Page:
The politician warned Superdrug was “cashing in on” ladies who’re susceptible attributable to failing to get the essential recognition they’re menopausal from docs. Ms Harris hit out on the dearth of consciousness concerning the menopause amongst docs as she famous some 41 per cent of medical colleges do not need menopause on the curriculum.
Superdrug’s perimenopausal screening is not going to simply test for hormones but additionally examines Calcium, Magnesium and Vitamin D ranges as these can compound menopausal associated signs, in addition to their cardiovascular well being, and thyroid profile. Ms Harris famous these assessments can all be accessed without cost on the NHS.
Kathy Abernathy, a menopause specialist, instructed The Independent: “The problem is that a blood test alone cannot effectively diagnose menopause – diagnosis should be based on an individual’s symptoms and their personal history.
“This new health check emphasises the barriers facing people of menopausal age: lack of awareness and lack of accessible, affordable support from menopause experts.”
While the perimenopause usually begins when a lady is of their forties, ladies begin the perimenopause at totally different ages.
Haitham Hamoda, chairman of the British Menopause Society, instructed The Independent: “I don’t think patients or women should go out and buy these tests because the National Institute for Health and Care Excellence (Nice) guidance doesn’t recommend testing to confirm the menopause.
“The diagnosis of the menopause should be based on symptoms and changes in period patterns.”
Dr Shahzadi Harper, who specialises within the perimenopause and menopause, mentioned hormonal blood assessments are “overly reductive” as she defined no blood check exists which can inform you if you’re perimenopausal or not.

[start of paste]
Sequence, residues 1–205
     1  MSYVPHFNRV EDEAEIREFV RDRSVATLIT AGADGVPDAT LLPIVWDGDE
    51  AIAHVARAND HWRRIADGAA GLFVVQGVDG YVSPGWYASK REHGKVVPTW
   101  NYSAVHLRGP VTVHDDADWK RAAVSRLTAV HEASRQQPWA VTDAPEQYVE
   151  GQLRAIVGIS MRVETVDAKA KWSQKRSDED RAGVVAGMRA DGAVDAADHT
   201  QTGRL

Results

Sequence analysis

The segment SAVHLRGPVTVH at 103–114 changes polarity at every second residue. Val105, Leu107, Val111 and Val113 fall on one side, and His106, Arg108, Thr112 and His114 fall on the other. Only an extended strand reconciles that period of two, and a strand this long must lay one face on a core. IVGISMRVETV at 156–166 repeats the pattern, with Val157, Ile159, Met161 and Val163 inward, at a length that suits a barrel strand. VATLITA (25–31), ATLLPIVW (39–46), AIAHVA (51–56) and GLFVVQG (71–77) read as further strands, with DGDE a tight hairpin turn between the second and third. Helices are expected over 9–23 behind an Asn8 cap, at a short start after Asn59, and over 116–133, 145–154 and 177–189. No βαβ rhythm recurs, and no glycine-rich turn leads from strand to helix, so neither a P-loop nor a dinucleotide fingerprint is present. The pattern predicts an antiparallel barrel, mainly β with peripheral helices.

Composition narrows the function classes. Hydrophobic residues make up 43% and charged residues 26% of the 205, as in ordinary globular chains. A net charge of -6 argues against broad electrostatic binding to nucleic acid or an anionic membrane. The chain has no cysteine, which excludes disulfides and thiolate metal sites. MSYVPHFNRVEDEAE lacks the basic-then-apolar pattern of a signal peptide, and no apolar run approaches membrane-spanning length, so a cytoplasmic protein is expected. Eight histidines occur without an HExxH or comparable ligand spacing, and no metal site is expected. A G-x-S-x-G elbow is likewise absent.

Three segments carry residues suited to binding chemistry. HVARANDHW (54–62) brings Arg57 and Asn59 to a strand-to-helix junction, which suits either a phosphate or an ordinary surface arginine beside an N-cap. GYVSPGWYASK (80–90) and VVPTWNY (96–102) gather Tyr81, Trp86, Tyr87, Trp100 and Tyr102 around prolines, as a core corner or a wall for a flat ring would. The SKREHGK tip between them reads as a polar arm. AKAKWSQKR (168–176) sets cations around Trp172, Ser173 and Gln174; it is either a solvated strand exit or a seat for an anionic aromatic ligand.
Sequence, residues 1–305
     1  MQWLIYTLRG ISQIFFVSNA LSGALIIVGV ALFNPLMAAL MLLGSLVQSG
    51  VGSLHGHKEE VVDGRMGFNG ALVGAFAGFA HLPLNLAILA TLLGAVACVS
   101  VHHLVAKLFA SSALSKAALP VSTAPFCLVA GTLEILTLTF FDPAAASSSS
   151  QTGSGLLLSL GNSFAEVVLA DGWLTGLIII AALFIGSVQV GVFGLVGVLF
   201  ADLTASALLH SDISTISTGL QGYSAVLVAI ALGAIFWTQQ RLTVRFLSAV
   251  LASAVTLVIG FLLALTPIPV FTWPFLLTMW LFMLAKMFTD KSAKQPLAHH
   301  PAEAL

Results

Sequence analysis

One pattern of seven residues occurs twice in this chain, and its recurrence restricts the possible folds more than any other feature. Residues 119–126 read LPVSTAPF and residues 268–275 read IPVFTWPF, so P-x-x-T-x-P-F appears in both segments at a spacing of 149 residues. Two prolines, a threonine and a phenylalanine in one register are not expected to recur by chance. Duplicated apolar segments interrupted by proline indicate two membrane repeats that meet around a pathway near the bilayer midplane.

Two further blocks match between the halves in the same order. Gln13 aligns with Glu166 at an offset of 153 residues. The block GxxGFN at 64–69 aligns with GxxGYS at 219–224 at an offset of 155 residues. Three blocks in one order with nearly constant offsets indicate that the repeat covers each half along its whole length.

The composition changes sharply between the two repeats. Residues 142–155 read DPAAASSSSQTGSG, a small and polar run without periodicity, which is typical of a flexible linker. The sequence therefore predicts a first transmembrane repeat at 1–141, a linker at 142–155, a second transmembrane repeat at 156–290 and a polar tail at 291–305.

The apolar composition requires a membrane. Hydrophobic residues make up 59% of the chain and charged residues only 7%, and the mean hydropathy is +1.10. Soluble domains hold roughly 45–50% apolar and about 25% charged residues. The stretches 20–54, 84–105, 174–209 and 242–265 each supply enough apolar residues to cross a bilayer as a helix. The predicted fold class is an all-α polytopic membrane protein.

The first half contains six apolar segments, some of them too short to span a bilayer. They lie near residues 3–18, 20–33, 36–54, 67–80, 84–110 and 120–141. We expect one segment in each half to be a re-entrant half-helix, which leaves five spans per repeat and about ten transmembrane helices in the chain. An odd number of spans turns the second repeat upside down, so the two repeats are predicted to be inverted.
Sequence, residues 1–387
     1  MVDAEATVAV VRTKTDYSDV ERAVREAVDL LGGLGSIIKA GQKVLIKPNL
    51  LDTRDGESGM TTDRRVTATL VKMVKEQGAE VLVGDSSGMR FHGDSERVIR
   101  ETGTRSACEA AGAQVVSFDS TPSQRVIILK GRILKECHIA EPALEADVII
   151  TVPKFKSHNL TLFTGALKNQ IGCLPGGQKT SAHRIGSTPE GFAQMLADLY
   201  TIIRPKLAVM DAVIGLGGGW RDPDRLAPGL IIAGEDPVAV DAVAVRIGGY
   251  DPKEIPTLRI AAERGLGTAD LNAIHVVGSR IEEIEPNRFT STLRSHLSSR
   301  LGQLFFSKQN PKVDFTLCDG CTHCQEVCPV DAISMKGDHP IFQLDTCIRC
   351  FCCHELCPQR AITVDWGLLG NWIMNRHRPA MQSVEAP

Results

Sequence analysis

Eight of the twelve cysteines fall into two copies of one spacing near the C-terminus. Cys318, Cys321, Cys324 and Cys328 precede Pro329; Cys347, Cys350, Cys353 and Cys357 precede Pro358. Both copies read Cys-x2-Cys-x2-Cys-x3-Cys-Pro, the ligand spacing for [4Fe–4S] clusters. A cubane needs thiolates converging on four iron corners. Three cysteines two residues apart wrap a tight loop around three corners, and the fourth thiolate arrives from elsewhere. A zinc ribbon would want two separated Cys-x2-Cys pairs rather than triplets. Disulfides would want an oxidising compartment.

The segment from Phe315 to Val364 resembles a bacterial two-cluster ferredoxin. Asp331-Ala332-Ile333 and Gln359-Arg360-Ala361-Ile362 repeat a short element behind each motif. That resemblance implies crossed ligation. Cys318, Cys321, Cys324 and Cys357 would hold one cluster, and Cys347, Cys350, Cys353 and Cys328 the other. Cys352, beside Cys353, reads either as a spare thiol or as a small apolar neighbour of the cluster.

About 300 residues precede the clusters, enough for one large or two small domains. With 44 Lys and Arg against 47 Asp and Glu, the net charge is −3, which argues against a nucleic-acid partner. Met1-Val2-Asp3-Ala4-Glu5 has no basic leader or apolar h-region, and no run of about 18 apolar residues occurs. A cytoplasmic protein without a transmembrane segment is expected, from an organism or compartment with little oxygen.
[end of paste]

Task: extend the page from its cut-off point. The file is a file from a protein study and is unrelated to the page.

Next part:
“It is more about your symptoms, not about the blood test,” she added.
Dr Harper argued Superdrug have been “taking advantage of menopause awareness, like others are doing too”.
She added: ”Perimenopause is a superb time for a common well being check-up and this screening does contain some key assessments. You ought to at all times go and talk about your signs with a healthcare skilled. Women ought to have a common well being check-up after they attain mid-life.”
The new screening comes as a scarcity of hormone alternative remedy – used to alleviate bodily and psychological menopause signs – grips the UK.
More than a million ladies within the UK are estimated to presently be depending on some kind of hormone alternative remedy by the National Institute for Health and Care Excellence (Nice).
A spokesperson for Superdrug mentioned: “We would welcome a comprehensive perimenopause service being available on the NHS.
“We launched a perimenopause health screen service to help increase accessibility, choice and support for people when it comes to their health. The service checks key hormonal levels and importantly other vital health areas including cardiovascular health, thyroid profile, vitamins and minerals.
“The service gives people the option to get professional advice and consider strategies to manage their symptoms which could significantly improve their quality of life.”